Background: Candidemias are becoming a growing problem for reasons such as the increasing need for both broad spectrum antibiotic use and total parenteral nutrition and the prolongation of life spans of patients with malignancies. The fact that, despite all the technological advances that have been made, Candida spp. are seen in 50% of blood cultures shows that the problem is more serious than previously thought. The purpose of our study was to evaluate patients with candidemia and determine the importance of scoring systems.
Methods: Patients with Candida spp. growth in blood cultures between 2009-2014 were investigated retrospectively. Patients’ demographic and clinical characteristics, laboratory results, time to start of appropriate treatment, Charlson comorbidity index (CCI), SOFA and Pitt scores and prognoses were recorded from medical files and infection control committee records.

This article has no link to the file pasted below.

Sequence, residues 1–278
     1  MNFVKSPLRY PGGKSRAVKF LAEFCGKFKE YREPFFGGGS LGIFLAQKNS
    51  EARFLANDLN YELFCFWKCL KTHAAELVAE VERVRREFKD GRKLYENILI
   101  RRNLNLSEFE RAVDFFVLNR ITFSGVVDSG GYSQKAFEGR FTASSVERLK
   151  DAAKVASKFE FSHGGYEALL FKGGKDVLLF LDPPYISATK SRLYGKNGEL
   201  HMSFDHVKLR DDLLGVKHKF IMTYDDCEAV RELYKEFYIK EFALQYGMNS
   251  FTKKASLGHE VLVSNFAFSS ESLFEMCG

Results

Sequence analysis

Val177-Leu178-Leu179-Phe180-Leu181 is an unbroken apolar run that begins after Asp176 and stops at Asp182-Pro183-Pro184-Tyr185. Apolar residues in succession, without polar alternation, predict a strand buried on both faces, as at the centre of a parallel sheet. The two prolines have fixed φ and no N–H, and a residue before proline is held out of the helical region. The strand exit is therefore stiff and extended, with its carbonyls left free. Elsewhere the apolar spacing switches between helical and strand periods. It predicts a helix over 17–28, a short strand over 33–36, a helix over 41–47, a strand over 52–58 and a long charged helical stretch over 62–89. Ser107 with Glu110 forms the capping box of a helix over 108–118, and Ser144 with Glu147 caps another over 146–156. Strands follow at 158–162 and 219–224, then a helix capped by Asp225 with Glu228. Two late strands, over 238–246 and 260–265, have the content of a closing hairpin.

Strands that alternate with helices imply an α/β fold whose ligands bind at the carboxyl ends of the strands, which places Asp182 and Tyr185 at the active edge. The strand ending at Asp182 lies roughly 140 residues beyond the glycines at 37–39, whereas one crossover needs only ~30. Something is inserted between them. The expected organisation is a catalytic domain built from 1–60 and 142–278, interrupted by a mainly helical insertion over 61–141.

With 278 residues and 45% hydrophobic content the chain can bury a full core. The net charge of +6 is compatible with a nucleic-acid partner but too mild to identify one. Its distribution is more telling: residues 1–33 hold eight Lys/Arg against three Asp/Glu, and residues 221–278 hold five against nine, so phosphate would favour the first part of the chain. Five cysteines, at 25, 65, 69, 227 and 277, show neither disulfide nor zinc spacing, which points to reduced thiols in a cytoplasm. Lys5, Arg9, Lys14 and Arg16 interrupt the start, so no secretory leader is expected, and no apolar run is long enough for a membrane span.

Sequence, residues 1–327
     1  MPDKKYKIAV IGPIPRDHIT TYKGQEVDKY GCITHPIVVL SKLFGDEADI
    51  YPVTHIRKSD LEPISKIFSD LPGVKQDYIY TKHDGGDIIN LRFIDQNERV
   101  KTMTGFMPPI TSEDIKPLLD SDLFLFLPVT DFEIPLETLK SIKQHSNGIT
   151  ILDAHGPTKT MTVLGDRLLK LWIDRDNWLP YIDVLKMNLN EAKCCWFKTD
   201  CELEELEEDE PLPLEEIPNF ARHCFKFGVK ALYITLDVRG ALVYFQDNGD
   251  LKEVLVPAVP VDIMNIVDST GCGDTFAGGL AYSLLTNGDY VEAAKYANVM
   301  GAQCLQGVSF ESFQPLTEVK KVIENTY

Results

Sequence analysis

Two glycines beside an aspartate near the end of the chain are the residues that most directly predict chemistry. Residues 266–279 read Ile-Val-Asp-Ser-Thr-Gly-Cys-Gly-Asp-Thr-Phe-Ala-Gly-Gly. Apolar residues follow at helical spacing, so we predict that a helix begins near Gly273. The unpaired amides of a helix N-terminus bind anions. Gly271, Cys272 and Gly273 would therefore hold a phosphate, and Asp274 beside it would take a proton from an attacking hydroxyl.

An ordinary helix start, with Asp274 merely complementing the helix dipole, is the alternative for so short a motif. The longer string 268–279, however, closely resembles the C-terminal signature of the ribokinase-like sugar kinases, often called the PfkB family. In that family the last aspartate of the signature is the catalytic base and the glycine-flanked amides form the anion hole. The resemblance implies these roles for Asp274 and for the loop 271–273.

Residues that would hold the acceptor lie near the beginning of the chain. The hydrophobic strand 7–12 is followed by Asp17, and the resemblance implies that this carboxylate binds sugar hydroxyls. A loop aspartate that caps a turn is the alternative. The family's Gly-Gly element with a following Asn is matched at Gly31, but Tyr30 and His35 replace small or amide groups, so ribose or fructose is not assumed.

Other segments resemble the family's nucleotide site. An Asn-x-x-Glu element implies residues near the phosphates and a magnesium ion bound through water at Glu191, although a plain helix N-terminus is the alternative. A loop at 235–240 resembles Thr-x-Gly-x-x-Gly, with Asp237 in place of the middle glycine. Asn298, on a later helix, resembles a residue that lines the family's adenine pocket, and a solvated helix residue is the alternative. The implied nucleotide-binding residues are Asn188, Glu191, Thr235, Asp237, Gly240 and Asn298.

Results: One hundred fifteen patients were enrolled. Agents identified were Candida albicans in 41.7% of cases and Candida non-albicans in 58.3%. The crude mortality rate in the patients enrolled in the study was 65.2%. CCI, SOFA and Pitt scores were significantly high in the non-surviving patients. Multivariate analysis of the risk factors affecting mortality showed that a 1-unit increase in a patient’s CCI, SOFA and Pitt scores increased mortality 1.6, 1.3 and 2.0 fold, respectively, and that failure to start appropriate antifungal therapy in the first 3 days increased mortality 4.6-fold.
Conclusion: The use of CCI, SOFA and Pitt scoring systems during evaluation in patients with risk factors and prompt initiation of antifungal therapy in patients with scores above cut-off values can be life-saving.
Baris Ertunc, Gurdal Yilmaz and Iftihar Koksal
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